Making some diet and lifestyle changes can also help reduce pain.
A person’s diet can impact their MS symptoms in many ways. Importantly, eating a balanced, nutritious diet can help a person reach and maintain a moderate weight. This can reduce the rate of MS relapses and slow disease progression.
Eating a balanced, nutritionally-rich diet can ensure an adequate intake of vitamins and minerals crucial to overall health. For example,
Vitamin D plays an important role in muscle function and maintenance. It also produces anti-inflammatory effects that can reduce muscle pain.
People can increase vitamin D and calcium consumption by increasing their daily intake of foods high in vitamin D and calcium.
Some of these foods include:
- leafy green vegetables
While certain nutrients may provide different health benefits, eating a balanced, nutrient-dense diet is often the best option for overall good health.
MS and stress
High-stress levels are common in people with MS and may increase pain and other symptoms. As a result, stress management techniques can have a beneficial impact on quality of life.
Activities and actions that can help people manage stress include:
- mindfulness training
- t’ai chi
- slow breathing exercises
The remedies in this article are not primary treatments for MS. People should use these remedies alongside their current treatment programs.
Prescription medications are available to help reduce MS pain.
According to the National Multiple Sclerosis Society, a doctor may prescribe one of the following to relieve pain and itching:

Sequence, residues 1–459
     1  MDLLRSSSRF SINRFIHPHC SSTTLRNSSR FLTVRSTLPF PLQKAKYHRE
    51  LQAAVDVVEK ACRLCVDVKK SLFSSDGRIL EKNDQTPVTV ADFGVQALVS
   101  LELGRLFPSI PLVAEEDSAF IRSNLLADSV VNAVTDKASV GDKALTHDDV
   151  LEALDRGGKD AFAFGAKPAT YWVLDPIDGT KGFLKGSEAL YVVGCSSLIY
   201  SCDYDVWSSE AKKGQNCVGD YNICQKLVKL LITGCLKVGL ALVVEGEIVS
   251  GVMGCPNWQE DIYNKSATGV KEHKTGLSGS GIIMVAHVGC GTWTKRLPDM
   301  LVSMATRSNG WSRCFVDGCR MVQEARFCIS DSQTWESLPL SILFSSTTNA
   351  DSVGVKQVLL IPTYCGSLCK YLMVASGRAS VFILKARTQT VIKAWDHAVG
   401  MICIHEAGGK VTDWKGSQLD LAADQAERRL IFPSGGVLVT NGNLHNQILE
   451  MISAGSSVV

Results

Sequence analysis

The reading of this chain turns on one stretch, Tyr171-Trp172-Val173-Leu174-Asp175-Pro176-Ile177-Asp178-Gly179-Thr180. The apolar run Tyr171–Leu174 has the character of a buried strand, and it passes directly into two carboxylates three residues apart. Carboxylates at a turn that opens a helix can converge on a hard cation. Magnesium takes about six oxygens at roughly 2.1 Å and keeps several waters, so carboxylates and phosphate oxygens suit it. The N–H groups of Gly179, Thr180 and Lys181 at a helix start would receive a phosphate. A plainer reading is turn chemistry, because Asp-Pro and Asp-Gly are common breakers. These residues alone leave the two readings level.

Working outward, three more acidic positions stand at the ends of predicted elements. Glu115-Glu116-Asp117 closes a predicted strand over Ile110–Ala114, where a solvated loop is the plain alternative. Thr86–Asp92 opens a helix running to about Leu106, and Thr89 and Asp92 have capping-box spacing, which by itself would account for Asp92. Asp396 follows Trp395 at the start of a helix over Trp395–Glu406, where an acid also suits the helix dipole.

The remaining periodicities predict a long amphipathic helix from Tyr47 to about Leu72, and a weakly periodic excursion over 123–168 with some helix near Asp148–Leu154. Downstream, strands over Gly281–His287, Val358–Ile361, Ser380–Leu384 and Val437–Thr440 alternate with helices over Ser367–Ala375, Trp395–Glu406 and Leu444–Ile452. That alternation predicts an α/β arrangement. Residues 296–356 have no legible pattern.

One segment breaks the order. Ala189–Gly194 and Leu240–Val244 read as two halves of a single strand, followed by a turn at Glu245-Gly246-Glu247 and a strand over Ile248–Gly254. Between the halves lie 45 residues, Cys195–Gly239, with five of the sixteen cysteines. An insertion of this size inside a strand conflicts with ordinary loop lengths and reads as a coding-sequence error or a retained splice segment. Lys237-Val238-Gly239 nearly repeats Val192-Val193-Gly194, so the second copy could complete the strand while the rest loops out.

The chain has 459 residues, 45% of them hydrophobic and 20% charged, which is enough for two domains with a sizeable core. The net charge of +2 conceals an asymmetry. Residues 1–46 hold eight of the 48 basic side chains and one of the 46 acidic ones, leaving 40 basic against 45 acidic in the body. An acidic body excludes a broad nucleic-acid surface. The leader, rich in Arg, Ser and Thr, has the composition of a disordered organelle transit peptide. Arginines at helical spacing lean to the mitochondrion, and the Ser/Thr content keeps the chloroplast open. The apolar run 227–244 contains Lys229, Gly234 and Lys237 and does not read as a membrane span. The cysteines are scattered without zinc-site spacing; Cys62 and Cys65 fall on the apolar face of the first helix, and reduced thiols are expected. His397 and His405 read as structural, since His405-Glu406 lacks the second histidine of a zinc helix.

- hydroxyzine (Atarax)
- phenytoin (Dilantin)
- amitriptyline (Elavil)
- clonazepam (Klonopin)
- gabapentin (Neurontin)
- nortriptyline (Pamelor or Aventyl)
- carbamazepine (Tegetrol)
Trying over-the-counter pain relievers, such as ibuprofen, may be beneficial.
Acupuncture treatments may also reduce pain. Acupuncture is a technique that people practice in traditional Chinese medicine. Acupuncture may cause the release of endorphins that might help reduce pain.
A 2022 review concluded that scalp acupuncture could be an effective complementary medicine for treating MS. Researchers found that the practice can help reduce pain, fatigue, and gait impairments.
Many people with MS live with pain. However, many medical and natural treatments are available to help manage symptoms.
Stretching, doing light aerobic exercise, and making lifestyle changes can reduce pain and significantly improve MS symptoms. Improving psychological factors, such as stress and depression, can positively impact MS symptoms.
With the help of a medical professional, people with MS can work on developing a system to manage their symptoms and improve their overall quality of life.
People with MS should consider speaking with their doctor if they experience pain in a new area of the body or if their pain worsens.
Discover more resources for living with MS by downloading Bezzy MS, the free MS app from Healthline Media. This app provides access to expert content on MS and peer support through one-on-one conversations and live group discussions. Download the app for iPhone or Android.